I soon found myself double checking the number of international flights into Lilongwe per day (Four)? How many come directly from West Africa? (None). Again, I work in agriculture. Not something where you find a lot of sick people. Still, my alarm swung wildly from day to day. Was it going to come to Malawi? It would never come to Malawi.  OH MY GOD WHAT IF IT COMES TO MALAWI? What will we do if all the flights book up, and the borders close, and we can’t get back home? (pantpantpant).

With a Side Of….Guilt
In the middle of all this, USAID put out a call for help and a few friends started volunteering on the front lines. Whoa, I thought, this is getting serious. I felt guilty. I’m a development professional, I should go, too. But, would I really? (And what would I do? Milk cows?). I felt the terror fly through my veins, then shame, knowing I could never, ever be that strong.  I thought of my friend, the doctor from July, and wondered if his wife had changed her mind.

Then it hit me: This epidemic isn’t about me, and how I feel.  It’s not about putting up walls and barriers, trying to run away from or drown out the cries for help.  This epidemic is about common human decency.

I am simply flooded with gratitude for those who can and have volunteered, who continue to run towards the epicenter, who lift dying mothers into taxis and into houses, all the while, putting themselves at risk. I am grateful, and I am ashamed of myself, because I know I could never do it. These people are the real heroes, and I pray for them.

Nowadays, I’m more angry about blind panic than anything else. America looks pretty silly right now. Never before have our xenophobia, racial overtones and fear of the “Other” been so much on display. Never before has our ignorance of Africa’s geography been so well highlighted. My fervent hope is that we’ll use this fear to get educated.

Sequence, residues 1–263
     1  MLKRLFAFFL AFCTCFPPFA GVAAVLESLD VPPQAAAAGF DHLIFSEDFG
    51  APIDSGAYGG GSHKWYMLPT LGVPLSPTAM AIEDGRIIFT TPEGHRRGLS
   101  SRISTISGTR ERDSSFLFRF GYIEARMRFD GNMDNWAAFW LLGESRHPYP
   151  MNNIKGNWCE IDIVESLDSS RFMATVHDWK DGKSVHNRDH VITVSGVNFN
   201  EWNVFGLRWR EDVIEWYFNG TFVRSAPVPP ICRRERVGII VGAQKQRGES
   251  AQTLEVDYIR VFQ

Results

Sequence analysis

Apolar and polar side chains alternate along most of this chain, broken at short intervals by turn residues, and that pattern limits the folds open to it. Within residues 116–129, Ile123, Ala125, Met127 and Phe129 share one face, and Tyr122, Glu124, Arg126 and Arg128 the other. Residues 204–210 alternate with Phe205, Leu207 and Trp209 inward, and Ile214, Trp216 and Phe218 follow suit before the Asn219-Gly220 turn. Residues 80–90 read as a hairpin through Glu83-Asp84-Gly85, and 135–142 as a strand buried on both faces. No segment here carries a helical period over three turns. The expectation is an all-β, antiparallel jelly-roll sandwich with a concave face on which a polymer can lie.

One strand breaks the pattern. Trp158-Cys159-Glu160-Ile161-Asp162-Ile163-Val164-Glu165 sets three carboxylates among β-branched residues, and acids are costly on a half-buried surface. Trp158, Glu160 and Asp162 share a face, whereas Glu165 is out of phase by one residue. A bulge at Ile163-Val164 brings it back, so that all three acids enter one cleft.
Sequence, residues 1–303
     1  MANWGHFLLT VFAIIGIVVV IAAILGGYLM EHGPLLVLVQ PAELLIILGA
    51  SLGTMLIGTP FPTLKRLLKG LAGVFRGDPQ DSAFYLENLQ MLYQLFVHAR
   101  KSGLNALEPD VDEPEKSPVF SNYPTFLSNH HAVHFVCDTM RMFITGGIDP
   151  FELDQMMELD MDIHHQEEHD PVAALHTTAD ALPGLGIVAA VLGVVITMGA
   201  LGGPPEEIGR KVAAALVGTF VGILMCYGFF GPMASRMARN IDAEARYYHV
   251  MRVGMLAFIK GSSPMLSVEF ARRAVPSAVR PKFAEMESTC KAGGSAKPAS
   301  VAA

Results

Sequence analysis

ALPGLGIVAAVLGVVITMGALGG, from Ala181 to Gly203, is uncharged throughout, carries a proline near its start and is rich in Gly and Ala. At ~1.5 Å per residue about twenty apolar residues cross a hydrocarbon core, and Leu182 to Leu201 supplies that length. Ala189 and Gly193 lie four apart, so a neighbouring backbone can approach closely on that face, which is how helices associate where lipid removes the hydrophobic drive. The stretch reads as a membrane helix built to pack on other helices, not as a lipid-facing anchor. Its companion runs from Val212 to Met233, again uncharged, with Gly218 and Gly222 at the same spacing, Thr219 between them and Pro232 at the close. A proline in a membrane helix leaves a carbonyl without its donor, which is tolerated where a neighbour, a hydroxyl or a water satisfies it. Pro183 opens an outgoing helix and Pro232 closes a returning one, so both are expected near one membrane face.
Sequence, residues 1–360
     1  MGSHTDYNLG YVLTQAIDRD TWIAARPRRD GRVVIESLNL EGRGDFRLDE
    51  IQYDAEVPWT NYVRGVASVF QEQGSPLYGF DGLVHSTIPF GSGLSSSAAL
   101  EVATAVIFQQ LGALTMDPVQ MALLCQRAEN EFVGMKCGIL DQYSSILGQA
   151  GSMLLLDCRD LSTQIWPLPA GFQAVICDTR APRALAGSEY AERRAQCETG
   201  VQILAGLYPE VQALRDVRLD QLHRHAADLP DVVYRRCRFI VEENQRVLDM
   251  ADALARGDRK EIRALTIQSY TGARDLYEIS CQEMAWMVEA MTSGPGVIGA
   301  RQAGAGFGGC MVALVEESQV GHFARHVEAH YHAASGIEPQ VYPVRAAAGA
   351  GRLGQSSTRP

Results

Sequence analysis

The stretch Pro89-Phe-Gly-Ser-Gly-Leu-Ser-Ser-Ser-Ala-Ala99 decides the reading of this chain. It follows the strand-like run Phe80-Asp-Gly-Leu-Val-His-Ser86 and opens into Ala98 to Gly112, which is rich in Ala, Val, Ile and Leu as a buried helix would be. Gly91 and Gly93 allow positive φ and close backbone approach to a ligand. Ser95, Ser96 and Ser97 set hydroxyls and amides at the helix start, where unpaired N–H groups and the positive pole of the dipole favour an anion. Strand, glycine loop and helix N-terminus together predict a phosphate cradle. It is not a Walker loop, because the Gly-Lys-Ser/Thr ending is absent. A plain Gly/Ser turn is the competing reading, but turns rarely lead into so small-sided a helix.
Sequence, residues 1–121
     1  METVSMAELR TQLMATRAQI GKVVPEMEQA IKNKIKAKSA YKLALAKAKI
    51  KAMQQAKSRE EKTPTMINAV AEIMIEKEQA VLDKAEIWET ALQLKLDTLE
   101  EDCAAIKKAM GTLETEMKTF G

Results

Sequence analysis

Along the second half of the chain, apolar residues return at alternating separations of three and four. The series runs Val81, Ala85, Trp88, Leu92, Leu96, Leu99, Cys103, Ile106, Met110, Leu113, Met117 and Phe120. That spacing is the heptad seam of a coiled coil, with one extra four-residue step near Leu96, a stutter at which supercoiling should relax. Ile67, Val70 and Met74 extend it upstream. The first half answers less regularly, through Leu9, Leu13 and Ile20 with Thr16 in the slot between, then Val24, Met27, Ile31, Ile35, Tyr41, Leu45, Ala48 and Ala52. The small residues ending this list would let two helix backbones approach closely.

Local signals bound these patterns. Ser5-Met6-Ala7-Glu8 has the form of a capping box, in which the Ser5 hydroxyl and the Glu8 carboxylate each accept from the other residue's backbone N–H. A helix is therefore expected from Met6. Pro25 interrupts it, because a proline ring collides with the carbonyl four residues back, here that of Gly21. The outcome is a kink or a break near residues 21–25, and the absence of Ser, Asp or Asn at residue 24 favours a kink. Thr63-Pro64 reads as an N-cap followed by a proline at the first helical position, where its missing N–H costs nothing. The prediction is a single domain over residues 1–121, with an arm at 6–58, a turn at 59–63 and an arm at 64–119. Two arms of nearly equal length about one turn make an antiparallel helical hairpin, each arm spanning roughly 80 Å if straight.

While midterm elections swirl and politicians debate what kind barriers we should put up, I keep thinking: This is not about America.  I know that America is a big, messy, complicated place. Gnashing our horrible teeth and roaring our horrible roars and debating our horrible debates is part of who we are. But this epidemic is about doing what is decent for the global public health, even when it’s hard. Even when we’re terrified. 

While all the above emotions still linger, my partner and I recently made up a plan. Luckily, we are close friends with some people at the Center for Disease control here and can take our cues from them (“When his family goes, we go,” says Kevin).  **EDIT: It also helps that Malawi is over 3200 miles from the closest country with ebola. Folks in London are closer).***The ride isn’t over, but I am getting educated, and I am getting over myself.

Saturday, October 04, 2014

Work and Culture

Part of my job is giving out government grants. I read proposals, rank them with our team, conduct site visits and pull together all the paperwork (to ensure we’re not giving money to terrorists). There are a ridiculous number of hoops to jump through to get one of these out the door, but I’ve spent the better part of the year getting the system nailed down. I’ve done 13 grants this year, ranging from $100 - $38,000, each requiring about 25 pages of paperwork (no matter what the size).

Recently, I went to see a guy who applied for a grant in Nkhotakota (about three hours from Lilongwe). He owns an agro-vet supply store, filled with chemicals, seed, farming tools, and animal vaccinations. It’s in our project area, deals with vet supplies, and buys seed from my organization’s farmer groups. He’s a good candidate, and I wanted to talk to him about the in’s and out outs of what it means to get a grant from us and what he needs to do (the hoop jumping doesn’t end with me, unfortunately…)